The Manhattan Transfer was not an overnight success, but a result of many years of dues-paying and persistence, particularly by bass singer and founder Tim Hauser. Tim's musical history goes back to a doo-wop group called the Criterions, who recorded a couple of singles on Cecilia Records when Tim was 15. In January 1969, Tim Hauser and Erin Dickins co-founded Manhattan Transfer, with Tim's longtime friend Pat Rosalia and Marty Nelson. The group was soon signed by Dick Asher at Capitol Records, and recorded their first album, Jukin' in Nashville with a guest artist, singer/songwriter Gene Pistilli. The album featured several Pistilli compositions, songs from the Gene Goldkette Orchestra and Fats Waller, and The Ink Spot's "Java Jive," a perennial Manhattan Transfer favorite. These recordings represent the group's first foray into jazz vocalizations. The original Manhattan Transfer disbanded in 1973 citing artistic differences.
The Manhattan Transfer re-emerged as a four-piece, with Janis Siegel (alto), Laurel Masse (soprano), and Alan Paul (tenor), who found each other in a series of happy accidents. Tim Hauser was driving a cab at the time, and picked up passenger Laurel Masse; they got to talking. Tim met Janis Siegel through a drummer acquaintance. Janis had been performing at the Greenwich Village coffeehouse scene with a group called "Laurel Canyon." Alan Paul had been appearing in the musical "Grease!" (Laurel's boyfriend was a musician in the production, and referred him).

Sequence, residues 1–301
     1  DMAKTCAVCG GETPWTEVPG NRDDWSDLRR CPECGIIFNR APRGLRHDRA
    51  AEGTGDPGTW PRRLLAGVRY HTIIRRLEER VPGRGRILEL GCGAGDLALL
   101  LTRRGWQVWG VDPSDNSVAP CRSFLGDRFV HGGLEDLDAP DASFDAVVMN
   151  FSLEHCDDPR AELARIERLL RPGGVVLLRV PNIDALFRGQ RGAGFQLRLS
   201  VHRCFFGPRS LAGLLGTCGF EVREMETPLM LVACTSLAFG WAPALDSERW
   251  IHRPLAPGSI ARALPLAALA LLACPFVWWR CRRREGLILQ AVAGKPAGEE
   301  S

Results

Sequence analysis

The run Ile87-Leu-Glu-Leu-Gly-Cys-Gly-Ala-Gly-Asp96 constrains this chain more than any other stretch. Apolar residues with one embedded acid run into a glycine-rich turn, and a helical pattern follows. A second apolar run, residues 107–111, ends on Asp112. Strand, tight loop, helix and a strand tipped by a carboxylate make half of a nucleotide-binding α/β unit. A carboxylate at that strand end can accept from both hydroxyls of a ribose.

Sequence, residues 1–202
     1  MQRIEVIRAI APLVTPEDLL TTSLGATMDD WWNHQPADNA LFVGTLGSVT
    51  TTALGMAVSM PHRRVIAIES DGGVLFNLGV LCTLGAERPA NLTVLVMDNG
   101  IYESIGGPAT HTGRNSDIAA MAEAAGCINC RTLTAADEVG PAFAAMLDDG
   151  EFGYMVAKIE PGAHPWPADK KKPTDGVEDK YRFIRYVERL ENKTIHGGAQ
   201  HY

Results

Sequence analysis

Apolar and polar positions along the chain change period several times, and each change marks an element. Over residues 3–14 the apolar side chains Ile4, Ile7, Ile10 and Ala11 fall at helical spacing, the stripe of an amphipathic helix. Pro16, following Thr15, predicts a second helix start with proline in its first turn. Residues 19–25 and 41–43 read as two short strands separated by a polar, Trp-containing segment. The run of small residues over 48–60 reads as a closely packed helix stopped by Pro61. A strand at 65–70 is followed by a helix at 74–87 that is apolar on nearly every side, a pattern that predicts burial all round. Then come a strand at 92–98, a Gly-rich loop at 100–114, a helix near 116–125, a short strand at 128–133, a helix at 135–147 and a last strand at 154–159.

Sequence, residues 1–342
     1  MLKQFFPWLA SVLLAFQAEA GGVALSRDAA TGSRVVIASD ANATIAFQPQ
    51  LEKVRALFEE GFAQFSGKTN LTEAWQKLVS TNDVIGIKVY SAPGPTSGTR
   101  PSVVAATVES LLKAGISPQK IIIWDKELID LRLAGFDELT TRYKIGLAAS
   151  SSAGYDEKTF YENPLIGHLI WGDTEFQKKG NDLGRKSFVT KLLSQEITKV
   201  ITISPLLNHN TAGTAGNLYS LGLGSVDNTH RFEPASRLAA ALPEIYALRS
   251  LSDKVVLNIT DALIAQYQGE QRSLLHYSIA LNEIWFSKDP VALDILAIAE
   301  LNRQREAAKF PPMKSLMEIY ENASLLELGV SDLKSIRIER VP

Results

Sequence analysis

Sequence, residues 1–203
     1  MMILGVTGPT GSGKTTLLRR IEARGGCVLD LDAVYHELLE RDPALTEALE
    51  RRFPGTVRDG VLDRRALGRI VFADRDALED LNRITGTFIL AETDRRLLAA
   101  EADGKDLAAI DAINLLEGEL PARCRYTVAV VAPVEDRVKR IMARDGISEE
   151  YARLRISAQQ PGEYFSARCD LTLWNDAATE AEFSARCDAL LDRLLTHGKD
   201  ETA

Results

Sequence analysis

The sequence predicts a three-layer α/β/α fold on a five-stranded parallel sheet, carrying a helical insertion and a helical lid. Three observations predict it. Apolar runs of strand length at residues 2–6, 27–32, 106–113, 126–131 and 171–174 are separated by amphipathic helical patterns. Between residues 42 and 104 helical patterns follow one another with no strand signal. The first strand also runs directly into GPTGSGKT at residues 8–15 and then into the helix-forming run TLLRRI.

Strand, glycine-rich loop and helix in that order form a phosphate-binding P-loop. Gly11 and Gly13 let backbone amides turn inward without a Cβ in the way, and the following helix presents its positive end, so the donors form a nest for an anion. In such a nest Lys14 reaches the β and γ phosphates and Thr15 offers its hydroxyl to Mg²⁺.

With personnel in place, they began to build a following at all of the hip New York clubs: Max's Kansas City, Reno Sweeney's, Cafe Carlyle, etc. Atlantic's Ahmet Ertegun heard of them and came to a gig. His enthusiastic response resulted in a record deal and an association that lasted for many years. The Manhattan Transfer's first recording, the self-titled "Manhattan Transfer" featured "Operator," a fifties gospel tune, which reached number #22 on the Billboard chart and was their first hit. They were hard to catagorize - "Cabaret Rock" or "Disco Sha Na Na" were some of the labels attached to them - but their popularity grew solidly, accompanied by intensive touring. They even had their own short-lived TV series (as well as frequent guest appearances on other variety programs). "Coming Out, " "Pastiche" and the first live album followed. "Pastiche" was noteworthy as it was the first time the group collaborated with Jon Hendricks (of Lambert, Hendricks and Ross), and was the beginning of a long and remarkably fecund relationship. However, the record did not sell well, and as fate would have it, Laurel was in a car accident in 1978, which curtailed her activities (her jaw was wired shut for three months). She ultimately quit the group. The Manhattan Transfer re-located to California and began the search for a new soprano vocalist.